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October 6, 2011

7

Signal National d’Alert

by soundlandscapes

IT HAPPENS AT NOON on the first Wednesday of every month.  Across Paris, and indeed across most of France, the sonorous tones of the Signal National d’Alert fill the air.

This national alert system or réseau national d’alerte (RNA), comprises a network of around 4,000 sirens across the country operated by France Telecom. The system is designed to alert the public to imminent danger. The characteristics of the alert signal are very precisely defined in a 2007 decree issued by the Ministry of the Interior.

There are in fact two signals, one is the ‘alert’ signal itself (shown above) and the other is’ end of the alert’ signal (shown below).

The ‘alert’ signal consists of three successive cycles with each lasting for 1 minute and 41 seconds and each separated by an interval of 5 seconds. Each cycle consists of five periods, the first of which lasts for 10 seconds with the remaining four periods being 7 seconds long. The ramp-up time for the siren between each period is 1 second and the descent time 4 seconds. The ramp-up time at the beginning of each cycle is 3 seconds and at the end of each cycle the descent time is 40 seconds. The frequency of the siren tone is 380 cycles/second.

The ‘end of alert’ signal is one cycle of continuous signal lasting for 30 seconds.

And so it is, at noon on the first Wednesday of every month this alert system is tested. The signal is varied from month to month so as not to be confused with the actual alert signal but on the first Wednesday of each month it appears in some form.

On the first Wednesday of this month I recorded it from my balcony. The nearest sirens are a long way from my apartment but, despite the wind being in the wrong direction, there it was.  For some reason, in my neck of the woods they ring the church bell at the same time.

Whilst listening to this test alert it occurred to me that if I heard this sound at any time other than the first Wednesday of each month I, like most people I suspect, wouldn’t have a clue what to do or where to go. Let’s hope I never have to find out.

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7 Comments Post a comment
  1. Oct 6 2011

    Every first wednesday of the month I think exactly the same thing. What happens if I hear this at another time? What should I do? Where do I run and hide? Does anybody actually know what to do?

    I recorded the test back in February (see http://audioloungesound.com/blog/2011/02/signal-national-dalerte-paris/ to have a a listen). I also took the recording from my apartment balcony (in the 11th). I actually love the way you get the different sirens overlapping each other, plus with Paris’ tall-building architecture, you also get this amazing reverberation as the sound bounces around the streets.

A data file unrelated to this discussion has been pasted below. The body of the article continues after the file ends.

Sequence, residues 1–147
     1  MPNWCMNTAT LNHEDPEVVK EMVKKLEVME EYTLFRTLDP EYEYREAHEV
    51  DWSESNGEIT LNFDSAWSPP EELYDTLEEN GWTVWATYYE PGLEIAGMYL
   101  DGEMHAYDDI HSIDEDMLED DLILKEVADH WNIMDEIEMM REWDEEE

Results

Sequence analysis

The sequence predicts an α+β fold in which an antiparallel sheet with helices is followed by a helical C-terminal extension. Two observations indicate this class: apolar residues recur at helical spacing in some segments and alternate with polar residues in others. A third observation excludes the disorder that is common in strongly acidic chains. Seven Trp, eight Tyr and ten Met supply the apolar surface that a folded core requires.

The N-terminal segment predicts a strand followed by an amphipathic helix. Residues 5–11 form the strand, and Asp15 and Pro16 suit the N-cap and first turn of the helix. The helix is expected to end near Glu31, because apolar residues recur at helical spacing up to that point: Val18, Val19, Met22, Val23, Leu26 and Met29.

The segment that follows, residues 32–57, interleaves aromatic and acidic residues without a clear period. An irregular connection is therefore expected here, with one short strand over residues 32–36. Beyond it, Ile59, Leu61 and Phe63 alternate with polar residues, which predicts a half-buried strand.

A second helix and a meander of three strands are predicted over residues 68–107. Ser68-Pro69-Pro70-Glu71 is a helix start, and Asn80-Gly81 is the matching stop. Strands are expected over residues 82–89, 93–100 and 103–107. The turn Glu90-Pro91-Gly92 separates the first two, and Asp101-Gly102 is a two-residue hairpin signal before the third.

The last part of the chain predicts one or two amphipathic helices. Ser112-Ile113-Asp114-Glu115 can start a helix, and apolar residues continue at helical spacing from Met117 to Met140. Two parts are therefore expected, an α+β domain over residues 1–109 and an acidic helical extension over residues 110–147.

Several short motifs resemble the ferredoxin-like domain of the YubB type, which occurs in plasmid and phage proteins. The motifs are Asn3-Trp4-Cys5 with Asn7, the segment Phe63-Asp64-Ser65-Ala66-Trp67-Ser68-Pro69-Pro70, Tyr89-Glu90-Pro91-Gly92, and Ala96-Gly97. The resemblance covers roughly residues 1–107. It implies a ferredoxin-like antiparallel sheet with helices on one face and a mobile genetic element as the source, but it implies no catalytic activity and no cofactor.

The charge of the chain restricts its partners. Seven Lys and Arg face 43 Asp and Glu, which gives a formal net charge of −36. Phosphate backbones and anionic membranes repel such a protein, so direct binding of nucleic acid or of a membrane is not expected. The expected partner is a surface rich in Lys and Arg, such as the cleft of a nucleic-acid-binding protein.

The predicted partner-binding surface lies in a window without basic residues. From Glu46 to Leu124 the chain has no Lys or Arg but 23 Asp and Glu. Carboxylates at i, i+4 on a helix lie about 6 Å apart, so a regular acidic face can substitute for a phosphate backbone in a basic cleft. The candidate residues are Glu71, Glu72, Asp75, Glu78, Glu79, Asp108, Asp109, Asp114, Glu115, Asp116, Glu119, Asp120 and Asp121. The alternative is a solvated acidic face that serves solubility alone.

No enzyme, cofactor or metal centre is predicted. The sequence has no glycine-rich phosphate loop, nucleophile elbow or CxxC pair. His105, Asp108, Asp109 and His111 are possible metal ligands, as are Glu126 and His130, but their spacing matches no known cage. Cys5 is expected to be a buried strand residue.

Reply
    • Oct 6 2011

      Thanks Colin. I’ve just had a listen to your recording. I find the sirens, especially when heard from a distance, have a rather surreal effect almost like something from a nuclear disaster movie. At some point, I’m going to try to record close to some of the sirens and see what the effect is there. As for what to do and where to go – I shall just follow everyone else I think!

      Reply
      • Oct 7 2011

        Yeah, I’ve been trying to work out where the nearest ones to me are actually situated. As it only happens once a month, it’s not easy to work out!

  2. Oct 7 2011

    Great article and recording. Once upon a time the church bells might have been used for the same purpose as the siren, so I love that you’ve captured them both in the same recording. Maybe as the din of traffic and modern Paris increased it became necessary to turn-up the volume with the introduction of the siren (?).

    Reply
    • Oct 7 2011

      You might be right. Certainly in the UK church bells were used to warn of invasion so it could have been he same here.

      Reply
  3. Oct 7 2011

    I’ve always thought that the best time to invade or attack France would be the first Wednesday of the month just before midday….

    Reply

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